India has asked Taiwan’s MediaTek to increase chipset supplies to Indian handset makers like Micromax, Karbonn and Lava International to maintain parity in the market. Notably, these Indian players were recently approved under the production incentive-lined (PLI) scheme by the government and have export targets to meet within this fiscal.
Indian handset makers had alleged that the Taiwanese chipmaker was diverting a major portion of chipsets to Chinese smartphone makers at a time when there is a global shortage of components, impacting their local operations.
Indian handset makers said that the chipset shortage is as severe as over 95% of their overall requirements. They said that the current shortage will dampen their prospects to avail incentives in the first year.
The Economic Times, citing top executives, reported that the Indian government is proactively in touch with the chipmaker to resolve the issue.
MediaTek, which has a commanding market share in the sub-$200 smartphone segment, denied the allegations and said that it always engages equally with its global customers and partners to supply them with chipsets.
The Taiwanese chipmaker said that the entire global semiconductor industry and ecosystem is experiencing various shortages, mainly from supply-chain disruptions due to Covid-19 and other supply and demand market forces.
“The acceleration of global 5G rollouts, for example, is also a contributing factor…“MediaTek also has a long history in India, including support for India-based business, customers and partners. We continually engage with India brands and design houses to ensure state-of-the-art design, development, and delivery of devices in line with their self-reliant strategy,” the chipset maker added,” it said in a statement to Indian media.
India Cellular and Electronic Association (ICEA), which represents home-bred handset companies along with players like Apple, Foxconn and Chinese brands, confirmed the development and said that players like Lava and Micromax are suffering because of the shortage of chipsets.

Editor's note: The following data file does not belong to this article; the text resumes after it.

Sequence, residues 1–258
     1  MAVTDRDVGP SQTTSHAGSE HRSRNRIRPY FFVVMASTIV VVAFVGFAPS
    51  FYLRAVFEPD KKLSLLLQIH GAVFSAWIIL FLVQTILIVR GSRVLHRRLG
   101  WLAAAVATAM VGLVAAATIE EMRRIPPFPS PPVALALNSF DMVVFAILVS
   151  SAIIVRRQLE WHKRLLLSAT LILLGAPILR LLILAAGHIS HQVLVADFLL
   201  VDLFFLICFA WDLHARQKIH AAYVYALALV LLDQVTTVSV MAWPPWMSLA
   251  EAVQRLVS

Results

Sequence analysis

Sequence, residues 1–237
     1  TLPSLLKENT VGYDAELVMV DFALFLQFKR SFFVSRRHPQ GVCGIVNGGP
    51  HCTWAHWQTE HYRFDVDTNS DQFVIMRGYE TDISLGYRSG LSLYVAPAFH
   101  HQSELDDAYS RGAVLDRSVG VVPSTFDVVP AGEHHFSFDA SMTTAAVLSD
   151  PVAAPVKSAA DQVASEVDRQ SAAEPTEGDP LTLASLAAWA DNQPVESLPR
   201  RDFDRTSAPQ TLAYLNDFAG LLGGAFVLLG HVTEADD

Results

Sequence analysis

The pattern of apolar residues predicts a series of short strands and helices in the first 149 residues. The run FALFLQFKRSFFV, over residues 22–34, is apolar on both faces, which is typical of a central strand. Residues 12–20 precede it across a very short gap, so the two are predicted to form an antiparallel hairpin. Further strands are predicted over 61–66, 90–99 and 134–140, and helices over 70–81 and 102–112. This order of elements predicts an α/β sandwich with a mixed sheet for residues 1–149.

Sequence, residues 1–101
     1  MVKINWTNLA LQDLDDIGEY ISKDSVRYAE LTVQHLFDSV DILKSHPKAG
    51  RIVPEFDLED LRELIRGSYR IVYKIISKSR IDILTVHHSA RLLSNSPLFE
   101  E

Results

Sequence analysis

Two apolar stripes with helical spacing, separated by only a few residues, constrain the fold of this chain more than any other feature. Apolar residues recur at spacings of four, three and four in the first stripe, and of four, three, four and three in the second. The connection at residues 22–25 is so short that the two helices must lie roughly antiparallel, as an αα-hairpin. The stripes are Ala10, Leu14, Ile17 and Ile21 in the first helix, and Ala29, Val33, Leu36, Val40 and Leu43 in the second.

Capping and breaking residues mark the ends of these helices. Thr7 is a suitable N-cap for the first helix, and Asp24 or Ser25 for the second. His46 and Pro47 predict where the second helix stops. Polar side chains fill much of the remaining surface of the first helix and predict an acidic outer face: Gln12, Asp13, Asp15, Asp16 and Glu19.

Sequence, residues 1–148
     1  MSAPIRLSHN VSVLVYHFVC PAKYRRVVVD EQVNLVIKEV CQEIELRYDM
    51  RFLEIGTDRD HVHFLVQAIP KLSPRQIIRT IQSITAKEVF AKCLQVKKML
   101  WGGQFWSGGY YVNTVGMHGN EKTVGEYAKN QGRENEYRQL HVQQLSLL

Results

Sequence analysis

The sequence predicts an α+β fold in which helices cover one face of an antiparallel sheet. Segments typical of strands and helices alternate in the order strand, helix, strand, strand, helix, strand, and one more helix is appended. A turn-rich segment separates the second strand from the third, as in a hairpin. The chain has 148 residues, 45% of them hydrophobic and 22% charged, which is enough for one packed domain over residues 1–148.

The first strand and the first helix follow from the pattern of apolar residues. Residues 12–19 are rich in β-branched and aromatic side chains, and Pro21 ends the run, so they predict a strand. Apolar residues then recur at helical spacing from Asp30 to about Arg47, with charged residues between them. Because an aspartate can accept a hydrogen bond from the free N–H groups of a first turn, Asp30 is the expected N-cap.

“The government of India has also taken cognisance and is reaching out through proper channels to MediaTek senior leadership,” ICEA chairman Pakanj Mohindroo was quoted as saying by the publication.
Interestingly, all three Indian brands are trying to make a comeback in India’s smartphone market having lost to Chinese brands two years back. Micromax has already launched its first comeback smartphone, but hasn’t been able to fulfill the demand due to the components and chipset shortage.
Lava International, which has started making Nokia-branded smartphones, is also preparing to launch its own smartphones for the domestic market. The ongoing supply chain issues are likely to impact its smartphone plans.
Mobile handset makers and contract manufacturers that recently received approval under the scheme will shortly write to the Indian government to extend the PLI target timelines.
Due to the supply chain disruption, these companies have not been able to build capacities at their existing and new facilities and said that they would not be able to achieve industry’s target exports worth Rs 50,000 crore ($6.76 billion).
India’s ambitious production-linked incentive (PLI) scheme is already running delayed by two months as the previous plan was to start benefits by August 2020. The delay was on account of differences over whether the Indian Cabinet approval was required for the PLI scheme since it entails investments over Rs 1,000 crore ($135.14 million).